You Are What You Measure

Reading Callie’s thoughts at Steven Pressfield’s blog a while back raised some marketing questions in my head.

photo http://www.sxc.hu/photo/1261292 by Miguel Saavedra http://www.sxc.hu/profile/saavemWhich are you more interested in:

  • number of books sold or number of new fans?
  • number of words written or percentage of days you write something rather than nothing?
  • page views for your blog, or posts you’re proud of?

It’s good business to keep track of statistics.

It’s human nature to pay more attention to what’s easy to count instead of what’s hard to count.

It’s not always obvious that what matters to your business (you know, selling books as your own publisher?) is hard to count.

It’s a scientific likelihood that even when what you count is a valid indicator of progress, you’ll begin gaming yourself and the statistics in order to boost a number. (It’s called Campbell’s Law.)

If your daily writing goal is X thousand words, and you’re pondering sentence structure, will you choose the succinct or the, er, expressive? Maybe you’ll keep yourself honest. It can be done.

But if you’re counting words, that creeps into the decision, a decision where it doesn’t belong. The number of words you use to say something is immaterial (beyond the general rule to omit needless words.)

What matters is the quality of the words. Hard to measure.

If you count books sold rather than solid human connections, you’ll pollute your career as a self-publishing author. Your brain is wired to promote what you’re counting (books sold) even at the expense of something you know intuitively is more important to long-term success: human connections, real genuine fans.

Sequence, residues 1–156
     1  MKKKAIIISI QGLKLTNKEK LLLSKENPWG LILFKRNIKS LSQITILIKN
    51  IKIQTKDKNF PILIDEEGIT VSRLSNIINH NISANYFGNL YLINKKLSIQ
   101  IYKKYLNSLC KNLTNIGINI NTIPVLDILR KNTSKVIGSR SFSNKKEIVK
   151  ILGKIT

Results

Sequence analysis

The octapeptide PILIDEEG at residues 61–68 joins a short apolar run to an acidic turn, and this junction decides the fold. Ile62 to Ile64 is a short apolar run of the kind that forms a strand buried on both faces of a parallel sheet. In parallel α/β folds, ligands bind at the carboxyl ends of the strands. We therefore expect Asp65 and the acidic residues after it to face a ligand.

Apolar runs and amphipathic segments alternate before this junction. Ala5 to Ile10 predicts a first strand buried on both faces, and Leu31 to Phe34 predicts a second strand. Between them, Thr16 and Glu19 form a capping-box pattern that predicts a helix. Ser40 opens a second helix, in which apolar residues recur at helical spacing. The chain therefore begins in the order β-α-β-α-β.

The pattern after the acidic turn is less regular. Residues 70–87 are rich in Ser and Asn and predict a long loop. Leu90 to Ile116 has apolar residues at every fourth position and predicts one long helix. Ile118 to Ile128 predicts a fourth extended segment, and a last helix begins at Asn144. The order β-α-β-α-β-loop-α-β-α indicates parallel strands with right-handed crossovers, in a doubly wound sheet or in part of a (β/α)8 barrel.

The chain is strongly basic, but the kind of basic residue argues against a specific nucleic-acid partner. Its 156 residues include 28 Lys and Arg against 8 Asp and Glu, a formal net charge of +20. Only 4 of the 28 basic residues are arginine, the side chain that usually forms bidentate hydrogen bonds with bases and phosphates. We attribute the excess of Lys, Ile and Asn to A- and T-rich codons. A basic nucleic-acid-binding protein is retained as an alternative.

Folks have been obsessing about web traffic since five minutes after they discovered the internet. The only time web traffic matters as an indicator of success is if you live exclusively by online sales of a commodity where you can draw a firm correlation between number of visitors and number of sales.

How many people read your brilliant post doesn’t matter.

How many people care about it, ruminate on it, ask you questions or go do something about it — that matters.

You are what you measure.

Measure what matters.

9 thoughts on “You Are What You Measure

  1. Another 500 Page Views on my blog – feels good.

    Someone buys a book – feels good plus I make enough money for a cup of coffee.

    Someone reads my blog and sends an email to thank me for helping them write better, steer clear of a scam, or learn something new and valuable – priceless.

    Marketing is all about building relationships and successful selling is all about being relationship-worthy. Statistics are good ego fodder but real success is often difficult to quantify. Publishing is about selling books but it’s also about sharing ideas with others. It was suggested to me once that there’s only one grand theme in literature—the search for meaning. Why should publishing be any different?

    1. Indeed. Superficialities only provide temporary momentum.

      As Jonathan Fields writes in Uncertainty it’s when we’re burning inside that we provide our own fuel, regardless of the uncertainty of external forces.

  2. I do give myself a word count goal, but don’t even look at the numbers until the day is done. I keep the goal low enough that I usually exceed it to reduce the pressure to simply add words.